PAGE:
Is your child a digital zombie or next Apple genius?
ARE your kids 'digital zombies' or are they likely to be coding kings of tomorrow?
We all know kids are spending way more time online.
But what are they watching? Is it something that is actually going to help them get ahead?
Or just mindless entertainment.
The annual nbn Digital Parenting Report reveals most parents (74%) agree that digital skills and access to fast broadband (77 per cent) are key in order to best prepare their children for the future workforce, half (50%) worry their children are spending too much time online.
Children's technology and learning expert, Dr. Kristy Goodwin, says there is no doubt the online world has given students a 'world of resources' to help set them up for success.
"The reality is children will continue to spend more and more time online, so rather than burying their heads in the sand and trying to limit use of technology, I'd recommend parents try and prevent the 'digital zombie' effect by finding active ways for kids to engage with technology.
"For example, when students are coding, designing webpages, participating in educational chat forums, or producing a movie, their minds are actively involved which uses higher order thinking skills instead of just passively consuming content."
Honorary Fellow of the Re-Engineering Australia Foundation and STEM educator, Stephen Read said tech-related subjects should be at the forefront of education, both at home and at school.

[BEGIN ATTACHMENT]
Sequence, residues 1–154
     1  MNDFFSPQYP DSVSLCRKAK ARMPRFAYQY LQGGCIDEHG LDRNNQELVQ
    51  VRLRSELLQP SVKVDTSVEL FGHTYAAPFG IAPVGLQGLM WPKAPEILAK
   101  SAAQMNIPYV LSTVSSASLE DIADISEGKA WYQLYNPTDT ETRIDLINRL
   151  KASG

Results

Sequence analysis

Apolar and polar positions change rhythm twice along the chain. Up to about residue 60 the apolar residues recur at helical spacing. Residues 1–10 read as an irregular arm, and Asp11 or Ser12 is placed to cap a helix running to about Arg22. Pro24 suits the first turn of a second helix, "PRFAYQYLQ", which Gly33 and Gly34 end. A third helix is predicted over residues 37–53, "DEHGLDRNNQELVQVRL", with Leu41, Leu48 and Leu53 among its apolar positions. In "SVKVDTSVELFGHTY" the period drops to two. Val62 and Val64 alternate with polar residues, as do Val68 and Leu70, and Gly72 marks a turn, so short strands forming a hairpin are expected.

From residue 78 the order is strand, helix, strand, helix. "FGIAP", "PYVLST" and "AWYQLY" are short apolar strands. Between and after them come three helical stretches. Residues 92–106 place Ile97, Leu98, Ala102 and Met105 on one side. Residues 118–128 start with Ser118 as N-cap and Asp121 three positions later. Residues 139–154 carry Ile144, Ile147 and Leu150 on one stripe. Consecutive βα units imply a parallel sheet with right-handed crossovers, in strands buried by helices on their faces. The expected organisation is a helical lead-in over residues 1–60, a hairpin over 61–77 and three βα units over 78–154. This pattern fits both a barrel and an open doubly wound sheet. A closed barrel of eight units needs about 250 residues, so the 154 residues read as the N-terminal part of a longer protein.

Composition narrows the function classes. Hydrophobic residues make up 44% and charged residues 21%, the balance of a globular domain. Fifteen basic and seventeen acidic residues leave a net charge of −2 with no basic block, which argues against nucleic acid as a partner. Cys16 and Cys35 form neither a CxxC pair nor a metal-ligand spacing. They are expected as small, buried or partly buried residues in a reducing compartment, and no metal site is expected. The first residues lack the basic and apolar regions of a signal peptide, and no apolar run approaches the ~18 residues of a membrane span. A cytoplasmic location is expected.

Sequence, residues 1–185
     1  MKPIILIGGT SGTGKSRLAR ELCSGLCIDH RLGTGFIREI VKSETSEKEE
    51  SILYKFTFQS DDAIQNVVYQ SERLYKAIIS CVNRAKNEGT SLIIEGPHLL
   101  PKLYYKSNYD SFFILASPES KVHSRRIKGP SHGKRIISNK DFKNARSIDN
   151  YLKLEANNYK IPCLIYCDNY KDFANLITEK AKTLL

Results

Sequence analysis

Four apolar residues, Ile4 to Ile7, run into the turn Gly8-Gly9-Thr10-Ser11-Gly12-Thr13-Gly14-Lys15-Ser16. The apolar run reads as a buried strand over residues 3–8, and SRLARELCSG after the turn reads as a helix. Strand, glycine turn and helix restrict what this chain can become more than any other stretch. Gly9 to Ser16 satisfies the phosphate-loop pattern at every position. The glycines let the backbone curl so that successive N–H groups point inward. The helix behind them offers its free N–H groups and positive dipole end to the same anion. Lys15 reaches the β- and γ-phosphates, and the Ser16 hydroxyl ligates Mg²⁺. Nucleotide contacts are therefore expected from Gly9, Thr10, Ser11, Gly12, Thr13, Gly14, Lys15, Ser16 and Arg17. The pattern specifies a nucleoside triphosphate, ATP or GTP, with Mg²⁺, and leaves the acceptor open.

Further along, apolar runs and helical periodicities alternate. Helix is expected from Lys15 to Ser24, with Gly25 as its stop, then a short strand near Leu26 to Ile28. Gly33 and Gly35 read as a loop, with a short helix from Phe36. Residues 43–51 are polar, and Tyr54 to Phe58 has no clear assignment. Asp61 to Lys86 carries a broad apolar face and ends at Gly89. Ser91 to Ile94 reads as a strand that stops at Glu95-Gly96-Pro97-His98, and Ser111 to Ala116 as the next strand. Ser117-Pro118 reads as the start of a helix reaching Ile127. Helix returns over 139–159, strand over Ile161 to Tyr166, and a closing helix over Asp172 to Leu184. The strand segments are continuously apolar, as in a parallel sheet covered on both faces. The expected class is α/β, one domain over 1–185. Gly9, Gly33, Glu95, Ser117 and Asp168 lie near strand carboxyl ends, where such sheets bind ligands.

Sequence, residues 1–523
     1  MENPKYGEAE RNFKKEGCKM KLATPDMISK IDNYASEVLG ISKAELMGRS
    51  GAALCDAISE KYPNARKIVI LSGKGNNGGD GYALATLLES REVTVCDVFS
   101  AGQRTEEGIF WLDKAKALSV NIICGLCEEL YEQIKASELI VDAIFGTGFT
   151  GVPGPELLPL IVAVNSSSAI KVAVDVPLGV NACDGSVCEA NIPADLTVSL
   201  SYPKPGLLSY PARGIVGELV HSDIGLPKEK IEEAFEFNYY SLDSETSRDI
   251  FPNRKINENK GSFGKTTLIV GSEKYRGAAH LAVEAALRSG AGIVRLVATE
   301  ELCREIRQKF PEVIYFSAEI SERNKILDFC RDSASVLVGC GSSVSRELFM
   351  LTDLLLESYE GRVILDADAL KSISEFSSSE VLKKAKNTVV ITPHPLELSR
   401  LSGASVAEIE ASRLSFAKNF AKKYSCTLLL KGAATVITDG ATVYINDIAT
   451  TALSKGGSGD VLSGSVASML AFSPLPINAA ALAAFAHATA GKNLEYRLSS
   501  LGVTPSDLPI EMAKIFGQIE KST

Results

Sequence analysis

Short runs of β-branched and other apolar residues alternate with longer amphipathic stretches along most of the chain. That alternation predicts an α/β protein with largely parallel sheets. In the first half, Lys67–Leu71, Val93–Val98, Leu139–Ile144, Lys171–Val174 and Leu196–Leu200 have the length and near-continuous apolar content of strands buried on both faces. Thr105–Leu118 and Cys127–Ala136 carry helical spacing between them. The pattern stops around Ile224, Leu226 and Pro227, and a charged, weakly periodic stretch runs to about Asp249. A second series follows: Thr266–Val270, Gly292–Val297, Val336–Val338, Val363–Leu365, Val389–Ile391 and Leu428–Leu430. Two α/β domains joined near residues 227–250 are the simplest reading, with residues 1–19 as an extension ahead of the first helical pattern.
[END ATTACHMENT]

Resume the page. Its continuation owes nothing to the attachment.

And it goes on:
"With one in two Australians predicted to need skills in programming and software development to remain competitive in the 2030 job market, increasing access to fast broadband will help to upskill and get students learning online more efficiently."
Key findings from the report include:
• Almost half (47 per cent) of students head online after school to collaborate with their classmates via video chat and more than half (57 per cent) of school aged children watch online tutorials to assist with homework.
• The number of parents who agree that using the internet for homework, research or educational games helps prepare children for the future is increasing (81 per cent compared with 76 per cent last year).
• Primary school aged children are spending 1.8 hours online for homework each weekday, this jumps to 3 hours per weekday when students reach high school.
• The majority (77 per cent) of parents think that high-speed internet is important at home to meet demands of school work and over half (57%) believe that quality internet access could impact their child's educational outcomes.